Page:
Click here to return to the main site entry page
Click here to return to the previous page
Rushden Echo, 22nd July 1921, transcribed by Kay Collins
Mr. J. Hornsby Visits The Old Country

Rushden Canadian at Home
Hard Work Leads to a Good Position
A Rain-Producing “Scientist”

€œNearly everyone who wants work can get it on farms in the summer time and in lumber camps in winter—€ a representative of the "€œRushden Echo"€ was informed by Mr. J. Hornsby, son of Councillor J. Hornsby, of Rushden.
Councillor J. Hornsby

In 1913 he was one of seven councillors and members of the Liberal Party, writing a letter to the electorate, setting out their pre-election targets for the town, education and trade.

Jos. Hornsby
Jos. Hornsby

Mr. Hornsby junr., is home on three months'€™ holiday from Ontario, Canada. He left home about nine years ago to try his fortune in Canada. He didn'€™t just drop into a feather bed job and become wealthy, but by hard work at the first job that offered itself and by at the same time a strenuous effort to learn telegraphy he became proficient so got an excellent situation under the C.P.R.

Mr Hornsby has moved about many hundreds of miles in Ontario. From Alliston, 50 miles north of Toronto city, he moved in 1915 to Copper Cliff, north of the nickel district.

At a place—not a town; scarcely a settlement—some distance west, and named Turbine, a huge dam was under construction at an estimated cost of £1,000,000, and Mr. Hornsby was placed in charge of the C.P.R. Company’s junction there, to deal with the vast amount of railway traffic consequent upon the huge contract, etc. From there Mr. Hornsby was transferred at the end of 1920 to another junction, Franz, of which he is now in charge.

“Trade is bad in Canada,” Mr. Hornsby told our representative, “but not so bad as in England, and it is believed that the worst has been experienced—the bottom has been touched. If a man is physically strong he can get work and good food out west. Unskilled labourers are paid 1s.3d. per hour (a great reduction on war rates) for an eight hours’ day. Mr. E. Drage, formerly of Rushden, secretary of the Boot and Shoe Operatives’ Union of Preston and District, tells me that the boot trade is poor out there, whereas in some of the mining districts there are more workers with than without motor cars of their own, and in Manitoba very few householders are without a telephone.”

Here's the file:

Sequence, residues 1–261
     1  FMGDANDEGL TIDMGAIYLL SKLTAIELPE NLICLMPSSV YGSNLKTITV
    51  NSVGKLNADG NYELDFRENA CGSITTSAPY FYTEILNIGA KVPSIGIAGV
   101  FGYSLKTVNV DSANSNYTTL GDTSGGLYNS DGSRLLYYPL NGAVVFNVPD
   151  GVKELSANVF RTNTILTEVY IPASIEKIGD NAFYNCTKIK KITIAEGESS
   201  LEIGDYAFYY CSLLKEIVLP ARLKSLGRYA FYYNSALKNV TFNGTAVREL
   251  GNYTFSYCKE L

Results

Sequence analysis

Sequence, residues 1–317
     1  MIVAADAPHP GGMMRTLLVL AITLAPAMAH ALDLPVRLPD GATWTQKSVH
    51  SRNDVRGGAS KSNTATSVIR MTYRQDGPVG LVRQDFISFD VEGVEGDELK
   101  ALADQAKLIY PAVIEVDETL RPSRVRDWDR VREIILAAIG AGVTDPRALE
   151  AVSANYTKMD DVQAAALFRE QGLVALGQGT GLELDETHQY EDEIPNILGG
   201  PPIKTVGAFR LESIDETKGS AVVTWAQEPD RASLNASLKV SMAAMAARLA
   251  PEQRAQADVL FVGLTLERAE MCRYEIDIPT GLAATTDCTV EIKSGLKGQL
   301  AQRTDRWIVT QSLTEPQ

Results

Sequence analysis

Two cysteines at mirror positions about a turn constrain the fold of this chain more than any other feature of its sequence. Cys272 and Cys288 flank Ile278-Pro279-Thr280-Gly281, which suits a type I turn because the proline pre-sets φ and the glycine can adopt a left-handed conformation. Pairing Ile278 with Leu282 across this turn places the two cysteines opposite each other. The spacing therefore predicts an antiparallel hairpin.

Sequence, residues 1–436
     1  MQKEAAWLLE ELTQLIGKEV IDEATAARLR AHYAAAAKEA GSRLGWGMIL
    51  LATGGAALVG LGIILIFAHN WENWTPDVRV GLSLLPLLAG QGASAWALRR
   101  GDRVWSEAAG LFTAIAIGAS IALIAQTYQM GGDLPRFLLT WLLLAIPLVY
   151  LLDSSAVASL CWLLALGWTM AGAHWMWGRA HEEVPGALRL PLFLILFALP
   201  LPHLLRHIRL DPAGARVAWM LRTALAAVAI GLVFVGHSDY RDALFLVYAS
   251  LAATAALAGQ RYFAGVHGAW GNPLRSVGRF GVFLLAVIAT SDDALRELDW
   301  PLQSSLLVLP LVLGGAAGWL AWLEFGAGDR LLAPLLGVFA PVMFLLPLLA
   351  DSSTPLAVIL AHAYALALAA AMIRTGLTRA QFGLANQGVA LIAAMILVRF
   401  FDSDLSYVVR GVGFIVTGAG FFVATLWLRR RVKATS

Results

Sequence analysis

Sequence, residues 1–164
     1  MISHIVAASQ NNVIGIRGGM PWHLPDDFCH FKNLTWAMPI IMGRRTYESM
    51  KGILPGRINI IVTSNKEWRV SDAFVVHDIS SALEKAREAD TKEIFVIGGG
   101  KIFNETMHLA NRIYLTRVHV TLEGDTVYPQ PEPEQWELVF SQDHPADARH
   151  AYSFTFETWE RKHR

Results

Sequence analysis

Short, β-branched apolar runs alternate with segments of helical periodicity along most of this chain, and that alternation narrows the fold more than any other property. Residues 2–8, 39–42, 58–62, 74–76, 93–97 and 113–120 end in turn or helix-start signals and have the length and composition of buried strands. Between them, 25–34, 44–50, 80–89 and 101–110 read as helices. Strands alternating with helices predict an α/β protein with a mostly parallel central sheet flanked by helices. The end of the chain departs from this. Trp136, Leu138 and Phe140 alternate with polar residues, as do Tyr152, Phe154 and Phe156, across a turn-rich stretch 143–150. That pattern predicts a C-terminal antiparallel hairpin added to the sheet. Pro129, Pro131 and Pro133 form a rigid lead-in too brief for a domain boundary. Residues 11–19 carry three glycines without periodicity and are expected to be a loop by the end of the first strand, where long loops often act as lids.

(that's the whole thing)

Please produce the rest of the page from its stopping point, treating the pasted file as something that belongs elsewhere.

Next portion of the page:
Gold prospects are likely to be opened up in the district where Mr. Hornsby lives, he told our representative. Prospectors have had specimens of quartz tested, and, convinced that the mining could be a commercial success, they have only to get investors to capitalise the concern. There is nothing of the supposed muleting of

Rich Fools

as in Wild West films, but prospective capitalists visit the place, ascertain that there is a reasonable chance of getting good quantities of ore of commercial value.

Mr. Hornsby showed a specimen of ore, including several containing gold, nickel, platinum, silver, and other valuable metals in varying proportions. One of the most curious and interesting specimens was a piece of crude asbestos as taken from the mine. This is divisible into shreds of tough fibrous tissue. In the solid lump it is a semi-transparent brown-coloured material, yet in shreds it looks like white cotton.

Speaking of the harvest, Mr Hornsby told of a stranger who went into the district and told the farmers that he could produce rain and make their farms enormously productive. An agreement was arrived at that the 'scientist'€ would be paid £1,000 for every inch of rain he should bring down on the district. By some strange chance rain came last season in large showers. When an inch had fallen the first £1,000 was paid over, and, the farmers congratulating themselves on having got a real weather controller, paid further sums for rain produced to order. When, however, the district had had its fill and a little sunshine was wanted, the 'weather clerk'€ was asked to turn off the water. He told his farmer friends that he could not turn it off, as he had only learnt the art of making it rain at "£12,000 an inch."

Mr Hornsby has paid visits to the Niagara Falls, and he gave a very interesting description of the wonderful sight and amazing engineering achievement there which supplies power and light to towns hundreds of miles away. He has a piece of hard limestone (over which the water falls) and a piece of soft shale (on to which the water tumbles). If the soft were at the top and the hard at the bottom, obviously the falls would gradually disappear.

Mr. Hornsby left Franz on June 2nd and reached home after less than a week on the Atlantic, travelling on the Empress of Britain, one of his company'€™s boats.

Click here to return to the main index of features
Click here to return to the People & Families index
Click here to e-mail us